“Dr. Nikitas said his wife had been despondent of late, but he didn’t think she was suicidal. He also noted that despite their marital difficulties, she was a devoted mother, and taking off with the children without some sort of explanation was something she simply wouldn’t do.”

Vages closed the folder and set it on his desk. “That’s it as far as the actual interview goes. The rest of the stuff in here is pictures and personal information.”

Ginny shook her head. “I went to school with Yoli. We were in the glee club together. She sings in the local church choir, or at least she did up until she started going to that church across the street. This whole thing is unreal. I know we’re in the crime business, but when it involves someone you grew up with, it really does change your perspective on things.”

Steve sucked in his lower lip. “No kidding, and the first place we always look is the next of kin.”

Ginny nodded. “Don’t think I didn’t start there, but the good doctor is a total Mr. Clean. He doesn’t even have speeding tickets. Medical stuff is all in order, highly respected in the community and a regular church go-er. No skeletons in that closet unless they’re left over from an anatomy class.” She made a face and shook her head again before saying, “They were living apart, so we know there were problems, but lots of people have problems. Sometimes all you need is a little time off to clear the air.”

“Yeah, but what isn’t being made public is that there was absolutely no sign of foul play in either the car or the house. Her cell phone was switched off and locked in the glove compartment.”

Steve tapped the folded newspaper with the tips of his fingers. “Somebody somewhere knows something, and that somebody isn’t talking.”

“Or there’s something big and nasty that we totally missed.”

“It’s strange that after a whole week we’ve come up with absolutely nothing. On the other hand, the fact that there was no explanatory note, no sign of a struggle and nothing of value missing from the house doesn’t give us much to go on, but it’s not as worrisome as a trail of blood.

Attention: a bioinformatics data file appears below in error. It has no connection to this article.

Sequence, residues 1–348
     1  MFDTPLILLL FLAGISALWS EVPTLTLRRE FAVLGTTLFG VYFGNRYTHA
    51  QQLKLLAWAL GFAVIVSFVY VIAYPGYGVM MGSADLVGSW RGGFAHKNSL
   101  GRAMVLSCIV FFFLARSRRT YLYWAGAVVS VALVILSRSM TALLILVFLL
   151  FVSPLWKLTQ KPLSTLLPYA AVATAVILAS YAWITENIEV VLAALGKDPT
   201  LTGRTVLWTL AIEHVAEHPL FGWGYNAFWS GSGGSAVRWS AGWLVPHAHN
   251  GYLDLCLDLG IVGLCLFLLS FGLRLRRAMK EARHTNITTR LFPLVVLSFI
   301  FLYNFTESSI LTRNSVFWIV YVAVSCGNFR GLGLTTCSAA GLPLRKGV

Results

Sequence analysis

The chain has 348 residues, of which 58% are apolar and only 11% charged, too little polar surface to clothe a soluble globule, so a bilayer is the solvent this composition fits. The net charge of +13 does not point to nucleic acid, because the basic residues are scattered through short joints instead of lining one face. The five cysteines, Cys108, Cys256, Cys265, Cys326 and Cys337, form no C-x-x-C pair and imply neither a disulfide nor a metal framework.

“Are you sure about that? If she’s still alive, and she’s got the kids with her, which appears to be the case, she might be holed up somewhere cooling off and thinking things over. I’ve seen that happen before. But if it’s one of those cases of hideous domestic abuse that no one ever suspected, she may have taken off for good. It’s not easy these days with so much of our private lives on display for all to see, but with planning it can still be done.”

“You just said it, Steve: if she’s still alive. The picture gets worse every day that goes by. I have to tell you, I don’t have a very good feeling about this.”

“You’re not telling me anything I don’t know.”

Vages closed the file and slipped it back into the top drawer of his desk. “I’m calling the husband back in. If he does know something, he’s eventually going to crack and let it slip.”

“If not, then it’s back to square one. I was there for the first go-round, remember? I think he’s telling the truth. I don’t think he has any idea what happened or where she is.”
The police inspector stood up, laced his fingers together, stretched them back over his head and grunted. “I’m not so sure about that, Ginny. There are some really sick puppies out there, and they can look just like you and me.”